Peaceful Protest Against Paving Over Canal for Superhighway Expansion

 | Fri 30 Jun 2017 09:06 ICT

CityNews – A protest was held today at the Jet Yod junction in reaction to the proposed paving over of the Rin Kham Canal, with a message being delivered to the Chiang Mai Highway District 2 Office asking for a redesigning of the superhighway expansion to protect the canal.

Pharadon Phonamnuai, an environmental activist accompanied with Dr Wasan Jompakdee, the President of Committee for Protection of Mae Ping and Environment and citizens of Chiang Mai, organised the peaceful protest with a signs and other members of the public next to the construction site located on the Jet Yod junction.

“We do not disagree with road expansion as it is well-known that this area has been having issues with traffic for sometimes. What we are opposing is the design of the project” Dr Wasan said.

Dr Wasan explained that if the canal is buried underground, with no light and very little oxygen it will pollute the water and that polluted water will go straight to Mae Kha canal. Another issue is the concrete pipes currently used are designed to be used for short distances only, so with a total length of 1.6km, they will cause flooding as they are too narrow for large waterflows.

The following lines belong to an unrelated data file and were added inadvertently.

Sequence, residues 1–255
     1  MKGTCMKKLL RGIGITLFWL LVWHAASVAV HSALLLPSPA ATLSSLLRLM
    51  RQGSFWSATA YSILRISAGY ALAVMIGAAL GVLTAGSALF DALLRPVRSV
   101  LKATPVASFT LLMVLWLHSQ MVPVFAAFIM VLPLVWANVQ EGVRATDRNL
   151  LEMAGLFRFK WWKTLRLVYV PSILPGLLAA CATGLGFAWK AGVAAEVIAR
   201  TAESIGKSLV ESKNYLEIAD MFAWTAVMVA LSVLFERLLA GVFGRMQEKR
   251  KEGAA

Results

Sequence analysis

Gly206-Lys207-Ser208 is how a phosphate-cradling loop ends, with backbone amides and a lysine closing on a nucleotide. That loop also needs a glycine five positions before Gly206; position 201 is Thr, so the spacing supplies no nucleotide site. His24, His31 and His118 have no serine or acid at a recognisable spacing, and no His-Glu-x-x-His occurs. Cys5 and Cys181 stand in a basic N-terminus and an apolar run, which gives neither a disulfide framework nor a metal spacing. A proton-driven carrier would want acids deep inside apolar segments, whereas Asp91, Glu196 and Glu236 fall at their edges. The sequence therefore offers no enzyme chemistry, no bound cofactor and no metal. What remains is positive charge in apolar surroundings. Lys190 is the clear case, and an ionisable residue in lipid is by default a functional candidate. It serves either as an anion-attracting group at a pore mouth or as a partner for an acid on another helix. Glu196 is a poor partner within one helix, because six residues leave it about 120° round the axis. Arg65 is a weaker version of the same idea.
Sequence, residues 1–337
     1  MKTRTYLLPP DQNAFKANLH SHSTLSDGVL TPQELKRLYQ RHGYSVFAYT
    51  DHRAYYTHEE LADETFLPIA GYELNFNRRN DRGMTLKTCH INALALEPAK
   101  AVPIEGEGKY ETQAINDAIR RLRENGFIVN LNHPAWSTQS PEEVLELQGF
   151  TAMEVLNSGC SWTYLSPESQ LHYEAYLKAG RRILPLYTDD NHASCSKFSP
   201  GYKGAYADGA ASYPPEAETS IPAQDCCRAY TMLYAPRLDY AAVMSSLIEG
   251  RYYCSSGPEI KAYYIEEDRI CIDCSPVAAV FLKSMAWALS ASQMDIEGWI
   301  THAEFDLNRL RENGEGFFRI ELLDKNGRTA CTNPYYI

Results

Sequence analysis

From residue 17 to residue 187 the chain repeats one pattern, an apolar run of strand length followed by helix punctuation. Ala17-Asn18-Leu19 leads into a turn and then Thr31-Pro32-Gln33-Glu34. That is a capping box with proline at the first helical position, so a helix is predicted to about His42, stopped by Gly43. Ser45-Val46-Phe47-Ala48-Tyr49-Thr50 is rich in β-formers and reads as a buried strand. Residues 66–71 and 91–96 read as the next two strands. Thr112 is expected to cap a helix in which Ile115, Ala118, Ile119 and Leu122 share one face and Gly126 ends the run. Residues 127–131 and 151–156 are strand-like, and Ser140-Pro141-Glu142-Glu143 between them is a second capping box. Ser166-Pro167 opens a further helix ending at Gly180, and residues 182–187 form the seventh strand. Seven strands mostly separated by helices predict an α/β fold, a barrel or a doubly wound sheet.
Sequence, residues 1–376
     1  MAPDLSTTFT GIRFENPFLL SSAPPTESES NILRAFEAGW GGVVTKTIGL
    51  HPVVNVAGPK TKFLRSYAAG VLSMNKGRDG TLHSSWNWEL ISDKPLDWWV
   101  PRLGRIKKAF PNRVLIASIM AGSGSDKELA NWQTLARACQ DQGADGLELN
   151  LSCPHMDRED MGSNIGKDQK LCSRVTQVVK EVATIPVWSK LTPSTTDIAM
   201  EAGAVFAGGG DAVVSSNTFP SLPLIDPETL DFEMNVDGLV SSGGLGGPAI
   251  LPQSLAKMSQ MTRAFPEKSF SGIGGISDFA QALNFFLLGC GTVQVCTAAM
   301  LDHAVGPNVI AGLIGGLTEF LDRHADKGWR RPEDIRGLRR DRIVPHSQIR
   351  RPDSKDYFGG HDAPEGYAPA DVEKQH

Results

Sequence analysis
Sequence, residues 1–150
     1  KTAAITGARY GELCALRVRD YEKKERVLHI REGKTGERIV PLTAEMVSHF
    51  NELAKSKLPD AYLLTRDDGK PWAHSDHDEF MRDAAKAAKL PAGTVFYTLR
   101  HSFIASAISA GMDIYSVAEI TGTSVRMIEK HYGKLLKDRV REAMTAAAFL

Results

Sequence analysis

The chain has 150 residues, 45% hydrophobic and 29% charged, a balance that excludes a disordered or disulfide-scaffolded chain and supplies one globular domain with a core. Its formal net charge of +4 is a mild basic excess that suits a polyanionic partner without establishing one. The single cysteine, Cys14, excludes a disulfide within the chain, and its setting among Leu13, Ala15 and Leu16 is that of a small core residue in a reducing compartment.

The protest was aimed at convincing Chiang Mai Highway District 2 Office to change the design of the construction. However, as the contract has been signed with the contractor already, that change could be difficult to implement.

Dr Wasan mentioned an technicality that may be used to support a change in design, as the canal was there before the road, so is under the ownership of the municipality not the Chiang Mai Highway Office, so they legally have no jurisdiction over the future of the canal.

So far 300m of the canal has been agreed to not be covered up. The remaining kilometre remains to be decided upon.

Adding its historical value, Dr Wasan said that the canal was actually part of Wat Jed Yod, established by the twelfth monarch of the Mangrai Dynasty King Tilokaraj and was used as a place to revise and rearrange the Tipitaka (a buddhist holy scripture) for the very first time in Thailand’s history.